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J Thorac Oncol. 2019 Sep;14(9):1628-1639. doi: 10.1016/j.jtho.2019.05.010. Epub 2019 May 20.

Safety, Efficacy, and Patient-Reported Health-Related Quality of Life and Symptom Burden with Nivolumab in Patients with Advanced Non-Small Cell Lung Cancer, Including Patients Aged 70 Years or Older or with Poor Performance Status (CheckMate 153).

Author information

1
Sarah Cannon Research Institute/Tennessee Oncology, PLLC, Nashville, Tennessee. Electronic address: David.Spigel@sarahcannon.com.
2
Sarah Cannon Research Institute/Florida Cancer Specialists, Fort Myers, Florida.
3
Rocky Mountain Cancer Centers, Denver, Colorado; US Oncology Research, Houston, Texas.
4
Indiana University, Indianapolis, Indiana.
5
Vanderbilt University Medical Center, Nashville, Tennessee.
6
Oncology Hematology Care, Cincinnati, Ohio.
7
Moffitt Cancer Center, Tampa, Florida.
8
Fort Wayne Medical Oncology and Hematology, Fort Wayne, Indiana.
9
The Princess Margaret Cancer Centre, University Health Network, Toronto, Ontario, Canada.
10
The West Cancer Center, Memphis, Tennessee.
11
CISSS Chaudiéere-Appalaches, Levis, Quebec, Canada.
12
Charleston Hematology Oncology Associates, Charleston, South Carolina.
13
The Ottawa Hospital Research Institute, University of Ottawa, Ottawa, Ontario, Canada.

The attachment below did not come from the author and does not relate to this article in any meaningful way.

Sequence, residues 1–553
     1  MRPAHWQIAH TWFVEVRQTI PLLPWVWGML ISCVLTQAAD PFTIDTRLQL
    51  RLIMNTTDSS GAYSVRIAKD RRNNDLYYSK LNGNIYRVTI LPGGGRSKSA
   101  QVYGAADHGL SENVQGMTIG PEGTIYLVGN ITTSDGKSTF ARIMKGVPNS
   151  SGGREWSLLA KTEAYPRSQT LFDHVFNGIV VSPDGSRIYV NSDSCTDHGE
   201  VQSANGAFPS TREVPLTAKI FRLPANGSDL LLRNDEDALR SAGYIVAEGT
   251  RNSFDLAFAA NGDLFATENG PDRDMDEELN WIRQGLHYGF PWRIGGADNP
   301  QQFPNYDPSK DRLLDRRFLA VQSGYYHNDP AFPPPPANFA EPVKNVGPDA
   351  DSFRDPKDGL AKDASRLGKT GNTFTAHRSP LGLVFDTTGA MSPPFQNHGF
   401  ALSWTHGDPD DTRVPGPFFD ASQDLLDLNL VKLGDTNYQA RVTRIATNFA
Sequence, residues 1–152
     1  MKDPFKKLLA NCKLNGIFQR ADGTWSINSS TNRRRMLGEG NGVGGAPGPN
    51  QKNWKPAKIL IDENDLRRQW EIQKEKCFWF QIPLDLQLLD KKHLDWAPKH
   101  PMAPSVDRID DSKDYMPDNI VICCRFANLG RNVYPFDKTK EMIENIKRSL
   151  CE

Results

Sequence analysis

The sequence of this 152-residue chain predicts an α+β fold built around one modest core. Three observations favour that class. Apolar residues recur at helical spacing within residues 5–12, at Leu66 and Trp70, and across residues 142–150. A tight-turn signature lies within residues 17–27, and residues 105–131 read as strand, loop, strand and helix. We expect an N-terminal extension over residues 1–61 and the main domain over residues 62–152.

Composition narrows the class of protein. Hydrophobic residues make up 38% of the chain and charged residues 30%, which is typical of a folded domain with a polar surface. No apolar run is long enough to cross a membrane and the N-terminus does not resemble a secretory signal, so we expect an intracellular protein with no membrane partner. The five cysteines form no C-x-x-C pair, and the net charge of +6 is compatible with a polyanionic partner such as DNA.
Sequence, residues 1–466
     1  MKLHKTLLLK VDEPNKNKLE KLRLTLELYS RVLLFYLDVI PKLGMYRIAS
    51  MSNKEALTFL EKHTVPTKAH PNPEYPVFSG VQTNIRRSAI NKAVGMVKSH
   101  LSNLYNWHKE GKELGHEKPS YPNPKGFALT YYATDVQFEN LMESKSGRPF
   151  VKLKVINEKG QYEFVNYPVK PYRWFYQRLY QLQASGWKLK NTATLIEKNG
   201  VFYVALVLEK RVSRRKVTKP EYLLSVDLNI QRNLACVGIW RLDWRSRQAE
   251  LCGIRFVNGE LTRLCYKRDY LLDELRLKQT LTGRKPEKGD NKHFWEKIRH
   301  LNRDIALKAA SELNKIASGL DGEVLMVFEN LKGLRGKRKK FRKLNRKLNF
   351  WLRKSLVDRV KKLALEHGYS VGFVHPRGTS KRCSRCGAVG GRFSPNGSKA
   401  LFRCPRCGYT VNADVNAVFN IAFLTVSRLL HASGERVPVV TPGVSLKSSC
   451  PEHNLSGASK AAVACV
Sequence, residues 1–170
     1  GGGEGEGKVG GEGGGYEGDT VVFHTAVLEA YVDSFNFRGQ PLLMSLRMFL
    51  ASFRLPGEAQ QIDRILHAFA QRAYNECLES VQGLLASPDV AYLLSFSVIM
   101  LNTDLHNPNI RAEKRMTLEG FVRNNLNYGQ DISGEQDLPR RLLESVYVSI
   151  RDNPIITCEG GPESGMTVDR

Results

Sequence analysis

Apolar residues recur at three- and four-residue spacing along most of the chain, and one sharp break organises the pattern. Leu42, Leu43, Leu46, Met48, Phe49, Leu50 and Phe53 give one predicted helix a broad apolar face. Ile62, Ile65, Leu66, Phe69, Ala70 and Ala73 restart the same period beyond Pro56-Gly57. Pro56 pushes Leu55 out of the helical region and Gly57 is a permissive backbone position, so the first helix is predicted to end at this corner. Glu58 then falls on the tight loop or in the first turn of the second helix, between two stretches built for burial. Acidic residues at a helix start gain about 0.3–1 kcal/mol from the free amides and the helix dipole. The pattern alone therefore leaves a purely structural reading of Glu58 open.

14
Tennessee Oncology, Chattanooga, Tennessee.
15
Translational Research In Oncology-US, Inc. (TRIO-US), Los Angeles, California.
16
Adelphi Values, Boston, Massachusetts.
17
Bristol-Myers Squibb, Princeton, New Jersey.
18
Sarah Cannon Research Institute/Florida Cancer Specialists, Leesburg, Florida.

Abstract

INTRODUCTION:

CheckMate 153 (NCT02066636) is a phase 3B/4 study assessing nivolumab in previously treated patients with advanced NSCLC. Eligibility criteria allowed enrollment of patients with poor prognostic features of advanced age or diminished Eastern Cooperative Oncology Group performance status (ECOG PS), which are typically underrepresented in or excluded from randomized controlled trials.

METHODS:

Patients with stage IIIB or IV NSCLC and an ECOG PS of 0 to 2 with disease progression after at least one systemic therapy received nivolumab (3 mg/kg every 2 weeks) until progression, unacceptable toxicity, or consent withdrawal. The primary end point was the incidence of grade 3 to 5 select treatment-related adverse events (TRAEs).

RESULTS:

Among 1426 treated patients, 556 (39%) were aged 70 years or older and 128 (9%) had an ECOG PS of 2. The median treatment duration was 3.2 months. Across subgroups and the overall population, the incidences of select grade 3 to 5 TRAEs (6%-9%) and grade 3 or 4 TRAEs (12%-14%) were similar. One grade 5 TRAE was documented. The median overall survival time was comparable in the overall population (9.1 months) and patients aged 70 years or older (10.3 months) but shorter in patients with an ECOG PS of 2 (4.0 months). Patient-reported outcomes generally improved.

CONCLUSIONS:

Data from this large predominantly community-based study, which included patients aged 70 years or older and with an ECOG PS of 2, are consistent with registrational studies. As expected, the median overall survival for patients with an ECOG PS of 2 was lower than for the overall population but comparable with historical data.

KEYWORDS:

ECOG PS; Elderly; Nivolumab; Non–small cell lung cancer; Safety

PMID:
31121324
DOI:
10.1016/j.jtho.2019.05.010

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